learn more about facial paralysis
Facial paralysis is the total or partial loss of voluntary muscular movement in one side of the face. It ́s caused by facial nerve failure, meaning that nerve signals are no longer transmitted to the principle muscles in the face.
It is clinically defined as the inability to raise your eyebrow, close your eye, smile and suffering from speech impairments, etc.
When conservative treatment has not succeeded in recovering the function of the nerve, it is possible to carry out surgical reconstruction. This fundamentally depends on the cause of the lesion and how developed the condition is.
Facial paralysis causes facial asymmetry
The most common symptoms associated with facial paralysis are varied. Before paralysis arises, patients can develop a common cold and varying degrees of pain in the facial area.
Paralysis develops in a few hours and, in some cases, can worsen in the following 24 or a maximum of 48 hours.
Facial paralysis causes facial asymmetry due to the lack of movement on one side of the face. Equally, it means that the patient is unable to smile and has difficulty closing their eye, causing problems when producing tears, and speech problems.
Additionally, someone suffering from facial paralysis is often unable to raise their eyebrow, forehead or breathe through their nose. They may also chew the inside of their cheeks, food can accumulate at the back of their mouth and they may dribble.
The motor function of the facial nerve controls the facial muscles, the scalp, the outer ear and the neck.
Voluntary control is related to human communication (verbal or not), cleaning the eyes and feeding. Involuntary control is more relevant here as it relates to facial and auditory emotional expressions.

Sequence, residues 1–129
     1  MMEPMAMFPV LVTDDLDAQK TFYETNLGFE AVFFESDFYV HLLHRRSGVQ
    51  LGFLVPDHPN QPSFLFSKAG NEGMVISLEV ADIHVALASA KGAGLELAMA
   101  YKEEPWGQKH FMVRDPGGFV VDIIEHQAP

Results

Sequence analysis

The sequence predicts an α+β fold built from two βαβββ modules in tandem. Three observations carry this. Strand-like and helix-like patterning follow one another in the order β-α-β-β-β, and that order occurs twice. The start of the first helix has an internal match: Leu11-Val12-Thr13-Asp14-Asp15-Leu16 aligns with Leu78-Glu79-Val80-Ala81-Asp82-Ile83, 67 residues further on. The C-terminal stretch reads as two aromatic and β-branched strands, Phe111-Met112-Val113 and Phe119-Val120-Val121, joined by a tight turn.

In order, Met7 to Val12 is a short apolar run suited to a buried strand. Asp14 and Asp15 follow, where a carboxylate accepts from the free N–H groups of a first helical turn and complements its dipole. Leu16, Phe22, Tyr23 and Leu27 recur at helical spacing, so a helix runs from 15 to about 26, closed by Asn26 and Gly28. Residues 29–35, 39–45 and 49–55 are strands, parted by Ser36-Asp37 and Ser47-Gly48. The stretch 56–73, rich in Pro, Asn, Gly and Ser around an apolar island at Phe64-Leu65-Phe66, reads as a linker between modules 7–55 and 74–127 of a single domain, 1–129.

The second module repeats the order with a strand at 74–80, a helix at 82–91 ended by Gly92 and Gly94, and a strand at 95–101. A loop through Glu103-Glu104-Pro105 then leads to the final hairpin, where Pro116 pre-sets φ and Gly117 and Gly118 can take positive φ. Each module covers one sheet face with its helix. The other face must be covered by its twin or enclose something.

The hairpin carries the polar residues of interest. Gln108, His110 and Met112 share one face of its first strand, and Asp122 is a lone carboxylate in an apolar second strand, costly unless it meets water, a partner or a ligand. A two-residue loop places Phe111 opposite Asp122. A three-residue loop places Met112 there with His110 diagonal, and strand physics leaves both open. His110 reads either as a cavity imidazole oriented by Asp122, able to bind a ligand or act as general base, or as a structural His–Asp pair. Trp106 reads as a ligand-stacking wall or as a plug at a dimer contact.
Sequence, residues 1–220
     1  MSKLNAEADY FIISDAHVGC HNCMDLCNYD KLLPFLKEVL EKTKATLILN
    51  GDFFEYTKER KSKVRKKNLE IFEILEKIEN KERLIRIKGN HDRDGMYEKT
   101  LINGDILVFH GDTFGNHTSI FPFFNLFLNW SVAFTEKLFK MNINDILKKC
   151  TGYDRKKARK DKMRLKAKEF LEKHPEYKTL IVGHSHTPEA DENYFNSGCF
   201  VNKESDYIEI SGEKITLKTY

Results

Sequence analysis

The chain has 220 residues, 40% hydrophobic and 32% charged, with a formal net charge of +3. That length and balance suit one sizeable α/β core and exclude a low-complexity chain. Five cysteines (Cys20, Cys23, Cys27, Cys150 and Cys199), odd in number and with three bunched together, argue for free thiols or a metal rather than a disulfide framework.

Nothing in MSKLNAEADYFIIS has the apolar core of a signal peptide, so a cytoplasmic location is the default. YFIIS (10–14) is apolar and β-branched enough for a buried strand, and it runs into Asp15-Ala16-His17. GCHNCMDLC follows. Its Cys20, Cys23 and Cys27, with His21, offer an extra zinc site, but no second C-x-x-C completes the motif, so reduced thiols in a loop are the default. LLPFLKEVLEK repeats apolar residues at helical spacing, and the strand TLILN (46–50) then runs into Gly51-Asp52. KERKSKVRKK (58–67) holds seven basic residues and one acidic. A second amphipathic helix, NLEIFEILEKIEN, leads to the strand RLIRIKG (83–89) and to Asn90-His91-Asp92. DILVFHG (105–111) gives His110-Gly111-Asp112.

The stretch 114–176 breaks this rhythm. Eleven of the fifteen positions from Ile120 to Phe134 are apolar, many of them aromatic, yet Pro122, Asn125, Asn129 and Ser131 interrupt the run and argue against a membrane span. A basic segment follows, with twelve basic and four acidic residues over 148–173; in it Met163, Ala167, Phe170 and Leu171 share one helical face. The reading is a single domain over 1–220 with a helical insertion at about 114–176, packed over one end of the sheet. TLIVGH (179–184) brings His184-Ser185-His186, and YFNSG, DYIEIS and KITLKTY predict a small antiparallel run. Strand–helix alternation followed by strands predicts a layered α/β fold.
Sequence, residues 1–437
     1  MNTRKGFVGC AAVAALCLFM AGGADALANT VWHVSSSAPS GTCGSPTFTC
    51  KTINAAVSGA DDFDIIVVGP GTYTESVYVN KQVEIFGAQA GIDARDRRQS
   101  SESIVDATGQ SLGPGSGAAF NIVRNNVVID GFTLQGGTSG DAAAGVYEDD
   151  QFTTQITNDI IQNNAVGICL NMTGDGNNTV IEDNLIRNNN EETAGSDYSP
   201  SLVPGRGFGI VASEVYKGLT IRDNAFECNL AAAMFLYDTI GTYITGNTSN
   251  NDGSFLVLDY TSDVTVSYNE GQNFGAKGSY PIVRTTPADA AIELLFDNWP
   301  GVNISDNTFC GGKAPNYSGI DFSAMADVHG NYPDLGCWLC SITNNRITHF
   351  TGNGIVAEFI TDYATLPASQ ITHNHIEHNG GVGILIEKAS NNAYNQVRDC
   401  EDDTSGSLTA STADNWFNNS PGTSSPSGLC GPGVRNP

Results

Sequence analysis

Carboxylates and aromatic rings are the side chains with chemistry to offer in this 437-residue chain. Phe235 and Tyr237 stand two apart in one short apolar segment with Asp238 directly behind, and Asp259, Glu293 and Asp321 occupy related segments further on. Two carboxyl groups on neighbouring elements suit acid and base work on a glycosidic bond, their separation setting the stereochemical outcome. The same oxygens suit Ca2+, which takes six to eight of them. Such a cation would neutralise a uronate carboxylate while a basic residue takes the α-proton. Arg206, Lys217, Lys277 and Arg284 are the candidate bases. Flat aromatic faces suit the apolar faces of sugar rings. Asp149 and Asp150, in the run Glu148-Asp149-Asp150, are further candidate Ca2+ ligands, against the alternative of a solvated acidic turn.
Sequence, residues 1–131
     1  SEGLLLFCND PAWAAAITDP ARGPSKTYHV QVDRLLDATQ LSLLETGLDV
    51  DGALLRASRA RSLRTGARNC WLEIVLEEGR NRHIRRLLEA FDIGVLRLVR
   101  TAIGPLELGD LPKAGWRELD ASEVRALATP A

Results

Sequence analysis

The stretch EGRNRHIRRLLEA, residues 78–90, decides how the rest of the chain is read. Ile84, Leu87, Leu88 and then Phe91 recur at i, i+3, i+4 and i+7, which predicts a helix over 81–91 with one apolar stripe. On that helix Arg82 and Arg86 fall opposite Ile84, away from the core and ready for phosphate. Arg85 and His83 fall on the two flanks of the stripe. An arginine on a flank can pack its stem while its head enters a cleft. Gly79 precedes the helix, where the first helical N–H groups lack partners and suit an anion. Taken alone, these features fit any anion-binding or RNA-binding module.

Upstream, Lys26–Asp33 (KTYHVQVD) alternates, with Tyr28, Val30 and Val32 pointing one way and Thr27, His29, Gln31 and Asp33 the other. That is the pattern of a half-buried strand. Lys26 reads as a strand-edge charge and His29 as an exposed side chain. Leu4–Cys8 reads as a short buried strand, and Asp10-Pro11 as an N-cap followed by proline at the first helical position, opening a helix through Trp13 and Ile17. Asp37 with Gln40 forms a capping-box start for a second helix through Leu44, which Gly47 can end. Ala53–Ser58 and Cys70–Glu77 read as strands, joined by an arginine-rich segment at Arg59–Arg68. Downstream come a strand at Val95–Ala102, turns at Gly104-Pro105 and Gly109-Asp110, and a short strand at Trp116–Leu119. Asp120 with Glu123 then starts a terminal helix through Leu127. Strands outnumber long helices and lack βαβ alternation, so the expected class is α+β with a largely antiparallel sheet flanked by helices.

The sensitive functions of the facial nerve include shedding tears, nasal secretions, salivation and tasting with the back section of the tongue.
There are multiple possible causes for facial nerve alterations leading to facial paralysis. Some of these causes have an internal origin, whilst others are due to external conditions,
The most common facial paralysis (in 80% of all cases) has no apparent cause (Bell's palsy).
Amongst other internal causes, are tumours, strokes or brain and vascular abnormalities. There are also Cerebellopontine angle tumours (acoustic neuroma), tumours in the middle ear, tumours at the base of the skull and parotid tumours.
Equally, certain external factors can provoke facial paralysis, for example head injuries which fracture the temporal bone, some toxic agents and metabolic diseases, viral and bacterial infections, extremely cold conditions or iatrogenesis (caused in surgical accidents).
Finally, facial paralysis can arise congenitally (Moebius Syndrome).
Complete recovering of the nerve's functioning is achieved in 80% of cases. The average time taken to do this is usually 4-6 weeks, but it can be up to 6 months for full recovery.
The most common conditions are only affected by a small degree of muscular paralysis.
Factors that worsen the prognosis are:
- Complete paralysis
- Patients who are older than 55 years old
- High Blood Pressure
After surgery, the impressive learning capacity of the brain means that it will recognise the function of the newly grafted muscle, and will incorporate it into the movements used for smiling from then on. To achieve this, the patient must undergo rehabilitation.
After the muscular transplant and nerve transferral carried out in surgical treatment for facial paralysis (connecting the facial muscle to another specific nerve which is then attached to the lesioned facial nerve), a woman's brain readapts better and they are able to recover a spontaneous smile earlier than men.
Women with complete facial paralysis which has been evolving for 3.5-5 years, regain mobility and an acceptable symmetry of the mouth when smiling. The long term post operation evaluation also shows good functional and aesthetic results.
Facial paralysis can recover itself spontaneously in some cases, especially in secondary paralyses caused by exposure to extremely cold conditions or idiopathic paralysis (Bell's palsy). It is necessary to wait a reasonable amount of time (6 months) to fully recover facial movement. Spontaneous recuperation of movement after facial paralysis frequently results in the appearance of abnormal movements (synkinesis) that, depending on the situation, can be treated by physiotherapy.
When a patient smiles, they make a small movement in the jaw bone. After surgery andthanks to the learning capacity of the brain, the grafted muscle ́s new function is recognised and will from then on be included into the movements used for smiling".